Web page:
We think it’s gonna fulfill us. It makes us happy for a short period of time, and once that happiness runs out, we go get the next item. It’s just in our wiring. It’s a dopamine hit. It is truly a chemical hit, and again, the companies know this. They know if they influence us the right way, that will do it.

Brett McKay: So another area that you talk about our lives as being decluttered, and I think people don’t really think of this as this could be cluttered is your social life. So what does a cluttered social life look like, and how do you get a handle on that without being a misanthrope?

Gary Collins: Yeah, yeah, and I blame social media for that today. [chuckle] I still have the same friends that I grew up with as a young child, and some of us were babysat together. That’s how far back it goes. And I’ve always kept my social circle very small, and what I notice is it definitely decreases drama for sure, but with social media now you can literally communicate and it’s not all bad. Yeah, you can find people you never would have met otherwise, but what happens is you kinda get on this slippery slope of thinking, “Well, I’ve gotta have… Jeff has a thousand friends. I need 2000 friends. I need more than Jeff.” And it becomes overwhelming because a human can only really manage about 10 close relationships. After that, it starts to become unmanageable because it’s just too much of your time, trying to manage these relationships, real relationships, not surface. These are connections. These are people that you would give your shirt off your back to help them. You would do anything for them. You talk to them on a regular basis.

And I think with that, we get cluttered by surrounding ourselves with too many people. We get in too many cliques. We start accumulating, I wouldn’t say friendships, but associations, and again, we can’t manage them. And then not only that, but you start to bring in all this drama ’cause humans, I don’t know what it is, we love drama. We love it, and we love imparting it on other humans. So with that, I always tell people, “Keep your close social groups very small,” and it doesn’t mean you can’t have multiple. Like I have people I ride my bikes with. That’s a group, but they’re not super close. They’re people I ride bikes with. My super close friends are people I talk to on a regular basis. I can tell them my deep feelings. I can share things that I wouldn’t share with other people if that makes sense. Keep your groups small. There’s a point where you have enough friends, and I’m not saying you hide yourself or anything like that, but most people actively search out relationships that they don’t need.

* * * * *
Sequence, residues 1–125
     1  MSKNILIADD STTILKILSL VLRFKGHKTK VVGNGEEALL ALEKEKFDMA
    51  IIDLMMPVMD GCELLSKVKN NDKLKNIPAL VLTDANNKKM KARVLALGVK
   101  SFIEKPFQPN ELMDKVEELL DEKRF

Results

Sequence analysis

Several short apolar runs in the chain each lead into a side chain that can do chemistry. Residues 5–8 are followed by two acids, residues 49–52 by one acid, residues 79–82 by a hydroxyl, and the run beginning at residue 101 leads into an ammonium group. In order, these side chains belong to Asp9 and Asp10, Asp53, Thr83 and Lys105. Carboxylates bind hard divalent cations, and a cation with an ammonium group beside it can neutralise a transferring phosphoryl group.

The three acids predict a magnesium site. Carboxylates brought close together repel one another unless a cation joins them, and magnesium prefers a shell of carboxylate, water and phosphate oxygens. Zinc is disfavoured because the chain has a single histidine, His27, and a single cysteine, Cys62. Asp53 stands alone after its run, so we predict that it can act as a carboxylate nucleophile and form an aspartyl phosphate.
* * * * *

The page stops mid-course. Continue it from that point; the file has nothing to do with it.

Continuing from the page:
Brett McKay: Well, another area too, I think, it’s kind of related. You mentioned social media is having a cluttered information life. And I think everyone understands, has felt that, that having so much information at their disposal is just making them miserable, what is it… So what have you done to declutter your information life?

Gary Collins: I get it in low doses, especially the news. The news can be brutal. And also just everything that I do as far as reading information, I try and make it educational, so it’s something I can learn from instead of just sitting there absorbing information that I do not need, getting caught into these information vortexes, YouTube. [chuckle] I’ll tell people the run two experiments. I don’t have a TikTok account. I don’t use YouTube. My channel’s kind of dead. It has been for years, but go to YouTube on an incognito browser and see what comes up. It is ugly. It makes me lose all faith in humans. I mean, it’s the most ridiculously stupid, mind-wasting crap known to man. And someone had a TikTok link that I didn’t realize it was a TikTok link. I don’t have a TikTok account, and so it kicked me to the home page and said, “Hey, you need to sign up and have an account.” And I’m all, “No, not really.” And I saw what was trending. Wow, wow. Stay away from that stuff. If it’s not something that will better your life and you can learn from it to improve yourself, you gotta be careful with it. Don’t go down those rabbit holes of useless videos and things like that.